Monday, September 29, 10 p.m.
There are two sides to every prom: There’s the dreamy, romantic image of what the night will bring, coupled with anticipatory outings to check things off a fantasy shopping list. And then there’s what really happens.
How do I know? I’ve been to five proms, and tonight is my sixth. Granted, four of those have been Vegas Prom, an adultified, post-high school, industry nightlife experience for Las Vegas locals, but the prep has always been pretty much the same. Dress, shoes, date.
“I wanted to look like a cupcake,” says my elevator-mate, on her way from the parking garage as we chat about each other’s outfits, hers a puffy pink-and-black Western barmaid affair, mine a vintage number straight out of Mad Men and complete with gloves and a bouffant ’do. I wait for my date, Deanna, at the bottom of the Mirage escalators. I got over the “but does she put out” jokes about a week ago.
Pretty industry couples with perfect hair and skin glide past in matching corsage sets and coordinated dress/tux vest arrangements. We then enter via Bare’s winding, tropical approach, where marketing director and co-founder of Vegas prom (along with BoTown’s Bo Karlen and Chad McGeehan aka DJ Vegas Vibe) Kalika Moquin is resplendent as a Calla Lily in a white satin trumpet dress.
The pool deck has been transformed, with a dark, carpeted wooden dance floor erected over the pool (it was meant to be Plexiglas but on trial, it cracked) and the VIP area open to all. With a crowd composed purely of the nightlife industry’s workforce, now would not be the time to start sorting any haves from have-nots. They all have.
At one cabana sits George Maloof, nominated for “Most Likely to be the Next Mayor of Las Vegas.” At the others are entire nightclub staffs—one after the other—all the way around the place. Someone even appears to have brought their mother, which is a ballsy move even now. I guess that’s the point—using tonight to assert “how far we’ve come.”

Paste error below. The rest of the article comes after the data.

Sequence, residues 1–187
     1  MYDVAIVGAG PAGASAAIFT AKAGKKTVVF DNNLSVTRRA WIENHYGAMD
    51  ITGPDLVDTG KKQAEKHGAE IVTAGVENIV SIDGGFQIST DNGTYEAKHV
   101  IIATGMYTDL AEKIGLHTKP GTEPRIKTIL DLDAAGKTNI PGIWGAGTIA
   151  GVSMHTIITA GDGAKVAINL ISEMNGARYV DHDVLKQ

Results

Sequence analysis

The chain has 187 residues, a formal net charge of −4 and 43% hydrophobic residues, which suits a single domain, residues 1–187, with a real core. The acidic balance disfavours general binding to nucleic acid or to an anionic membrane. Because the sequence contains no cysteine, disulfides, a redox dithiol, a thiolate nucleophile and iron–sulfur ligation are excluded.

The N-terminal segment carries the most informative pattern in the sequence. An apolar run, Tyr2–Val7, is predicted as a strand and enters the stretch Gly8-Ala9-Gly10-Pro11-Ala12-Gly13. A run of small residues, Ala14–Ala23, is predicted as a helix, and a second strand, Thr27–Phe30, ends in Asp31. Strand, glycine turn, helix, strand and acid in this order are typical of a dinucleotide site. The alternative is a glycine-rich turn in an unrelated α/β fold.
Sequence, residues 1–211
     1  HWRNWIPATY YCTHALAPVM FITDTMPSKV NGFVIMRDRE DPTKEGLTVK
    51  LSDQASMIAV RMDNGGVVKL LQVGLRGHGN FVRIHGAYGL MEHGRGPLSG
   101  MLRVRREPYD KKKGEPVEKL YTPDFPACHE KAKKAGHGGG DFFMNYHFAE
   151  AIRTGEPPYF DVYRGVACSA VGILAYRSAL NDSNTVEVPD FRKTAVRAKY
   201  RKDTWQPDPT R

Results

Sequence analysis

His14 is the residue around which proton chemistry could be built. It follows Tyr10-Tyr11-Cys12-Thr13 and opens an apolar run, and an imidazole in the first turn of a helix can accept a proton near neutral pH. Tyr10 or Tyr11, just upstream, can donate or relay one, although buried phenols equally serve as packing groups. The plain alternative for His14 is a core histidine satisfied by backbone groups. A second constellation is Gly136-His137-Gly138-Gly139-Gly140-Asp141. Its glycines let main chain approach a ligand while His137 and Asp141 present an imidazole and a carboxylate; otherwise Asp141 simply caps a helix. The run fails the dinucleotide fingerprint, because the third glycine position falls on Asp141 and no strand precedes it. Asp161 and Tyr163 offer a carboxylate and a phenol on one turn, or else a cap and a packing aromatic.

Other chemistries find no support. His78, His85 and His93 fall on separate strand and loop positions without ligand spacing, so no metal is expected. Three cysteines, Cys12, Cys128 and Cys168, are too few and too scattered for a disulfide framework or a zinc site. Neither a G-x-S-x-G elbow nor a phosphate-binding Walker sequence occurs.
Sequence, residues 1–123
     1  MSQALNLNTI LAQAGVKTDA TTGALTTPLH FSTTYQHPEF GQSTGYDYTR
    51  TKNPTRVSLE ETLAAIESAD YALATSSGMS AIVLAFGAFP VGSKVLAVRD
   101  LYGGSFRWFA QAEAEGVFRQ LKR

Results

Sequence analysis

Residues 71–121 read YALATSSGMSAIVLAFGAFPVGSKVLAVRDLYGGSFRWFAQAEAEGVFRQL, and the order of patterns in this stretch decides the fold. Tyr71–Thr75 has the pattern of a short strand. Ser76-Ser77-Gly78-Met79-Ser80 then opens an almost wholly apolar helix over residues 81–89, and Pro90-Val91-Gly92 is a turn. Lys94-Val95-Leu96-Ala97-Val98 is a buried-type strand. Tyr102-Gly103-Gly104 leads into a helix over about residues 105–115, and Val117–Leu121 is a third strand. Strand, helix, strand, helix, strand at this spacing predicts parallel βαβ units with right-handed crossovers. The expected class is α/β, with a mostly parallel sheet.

Throughout the night, the winners of the “Most Likely tos” and the “Best this and thats” are announced from the largely empty dance floor. Maloof wins for Next Mayor, promoter Tiffany Masters for “Most Likely to Reintroduce Themselves to You More Than 10 Times.”
“Throw me under the bus,” she says, “it’s the truth!” When the Prom Court is finally announced, it is hard to get everyone’s attention, as the night has slid irretrievably into a bottle of Patron and intends to stay there.
In the end, via 75 countries and 73,000 online votes, Jon Gray of the Palms and Andrea Duran, formerly of LAX and Noir, were crowned King and Queen; Body English’s Justin Crews and Jaimee Lee (little sis to Tracy Lee of NapkinNights) were crowned Prince and Princess.
I dance one slow song with online voting coordinator Jack Colton and quickly retreat to the 3400 house room of Jet. What can I say? My tastes have changed.
Four years ago, at the first Vegas Prom: A White Dream, held Labor Day weekend at Green Valley Ranch’s Whisky Sky, I wrote this: “At 18, it was a rite of passage, something to both look forward to and dread just before heading off to college, the next big thing to both look forward to and dread. At 27, it’s a chance to re-create and relive the good stuff without the painful and embarrassing details like braces, acne, peer pressure and the sheer frustration of almost-but-not-quite being an adult. This time, I can have my prom and my champagne, too.”
Rereading that now, I laugh at my own innocence. Four years gone and we’re in a far more cynical place, almost like we’ve lived and relived senior year over and over again since that first go. Words like “election,” “Palin” and “recession” float on the night’s cool breeze, and more than one young lady, like me, boasts about having frugally reused a dress for the night. “Prom with Money, prom where the punch already comes spiked,” read the event’s preamble on the Vegas Prom website. Well, thanks to Deanna’s flask, we’ve got the spiked punch, but as for the money … maybe next year.